The “G-spot” and female ejaculation (squirting) have been discussed quite contradictorily for a long time; their existence is still being questioned to some extent today. Extensive scientific studies are rare, at present mainly basic studies and field reports are available. This text is based on studies by various sex scientists, sex doctors and gynaecologists, although some assumptions are not generally accepted.
The female orgasm at a glance
- Whether the G-spot exists and where it is located is still controversial. The current opinion is that the “G-spot” is located between the front wall of the vagina and the urethra and corresponds to the so-called Skene glands.
- The Skene glands or paraurethral glands appear to correspond to the male prostate. Their stimulation can be sexually exciting.
- According to many sexologists, the G-spot is not always the same size. Its size is said to depend on the original size of the Skene glands, the time of last sexual contact and the concentration of male sex hormones in the woman’s blood.
- Many women claim not to feel a G-spot. The sensitivity of the G-spot may vary greatly from woman to woman.
- By stimulating the zone along the urethra, some, perhaps even all women develop a fluid known as “female ejaculate”. This is formed by the Skene glands and is released during arousal or orgasm via openings in the urethra and the vulva.
The pleasure centres of women: Clitoris & G-spot
In the search for “the pleasure centre” for women, a region in the anterior vaginal wall or in the clitoral region is described that is said to be responsible for particularly intense orgasms. The area around the urethra also contains the so-called Skene glands, which can be stimulated via the vagina.
A sensitive zone in the front wall of the vagina was already described in the 17th century by the Dutch anatomist Reinier de Graaf. De Graaf also mentioned the “female ejaculation”. Later, in honour of the gynaecologist Ernst Gräfenberg, who examined this zone more closely, this region was referred to as the “G-spot”.
Where is the G-spot?
Most sexual scientists are of the opinion that the G-spot lies between the front wall of the vagina and the urethra. In this area there are also glands called paraurethral glands because they lie around (para) the urethra. Since they were examined in detail by the gynaecologist Alexander Skene, they are also called Skene glands. Because they are very similar to the male prostate, they are also called the female prostate.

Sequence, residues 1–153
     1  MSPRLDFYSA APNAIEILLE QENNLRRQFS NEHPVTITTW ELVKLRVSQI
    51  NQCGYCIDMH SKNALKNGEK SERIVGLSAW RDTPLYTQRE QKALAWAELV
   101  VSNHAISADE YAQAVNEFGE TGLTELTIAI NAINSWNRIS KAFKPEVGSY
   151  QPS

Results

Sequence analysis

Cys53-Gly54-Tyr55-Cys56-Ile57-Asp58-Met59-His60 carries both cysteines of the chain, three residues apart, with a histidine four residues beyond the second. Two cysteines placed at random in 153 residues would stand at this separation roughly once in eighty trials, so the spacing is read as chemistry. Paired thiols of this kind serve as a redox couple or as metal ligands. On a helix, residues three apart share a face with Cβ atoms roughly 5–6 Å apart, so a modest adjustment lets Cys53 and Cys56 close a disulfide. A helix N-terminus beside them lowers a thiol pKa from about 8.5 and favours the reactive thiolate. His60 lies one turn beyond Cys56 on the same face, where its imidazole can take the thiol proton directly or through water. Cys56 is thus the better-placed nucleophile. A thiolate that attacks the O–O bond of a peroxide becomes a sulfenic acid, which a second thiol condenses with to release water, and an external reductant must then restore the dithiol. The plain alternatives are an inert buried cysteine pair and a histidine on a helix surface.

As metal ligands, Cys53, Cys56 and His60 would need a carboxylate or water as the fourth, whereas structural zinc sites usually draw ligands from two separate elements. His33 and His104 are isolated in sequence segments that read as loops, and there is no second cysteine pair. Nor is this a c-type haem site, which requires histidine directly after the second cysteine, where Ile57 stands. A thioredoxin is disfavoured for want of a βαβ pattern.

The stimulation of these glands appears to be sexually stimulating, as in male prostate stimulation. If the Skene glands are located in the area of the urethral outlet, which is the case in about 70% of women, the G-spot also appears to be located in the outer part of the vagina.
In other women, these glands are located in the posterior part of the urethra, near the bladder, in the middle of the urethra, or along the entire urethra. In these cases, the G-spot appears to be found in other areas of the vagina.
However, there are also women in whom these glands are not strongly developed and are therefore very small. Operations can also injure the Skene glands and their excretory ducts and cause lasting damage.
According to many sexual scientists, the G-spot is not always the same size. Its size seems to depend on the original size of the Skene glands, the time of last sexual contact and the concentration of male sex hormones in the woman’s blood. This G-spot model is currently the most recognized. Other sex researchers, on the other hand, suspect other possible sensitive areas that could be the G-spot or a G-zone.
One opinion is that the feelings caused by stimulation in the area of the anterior vaginal wall are caused by movement and compression of the clitoral root during sexual intercourse or by other types of stimulation. Others suspect that a G-zone is located in the area of the entire anterior vaginal wall.
The female urethra is surrounded by blood vessels that can swell this region when aroused, similar to the male penis. The urethra behind it is surrounded by a dense network of nerve fibres, which could explain the sensitivity of this zone.
What happens during sexual stimulation?
If the vagina is still dry, the stimulation of this region is rather uncomfortable, and a feeling develops that is similar to that of the Har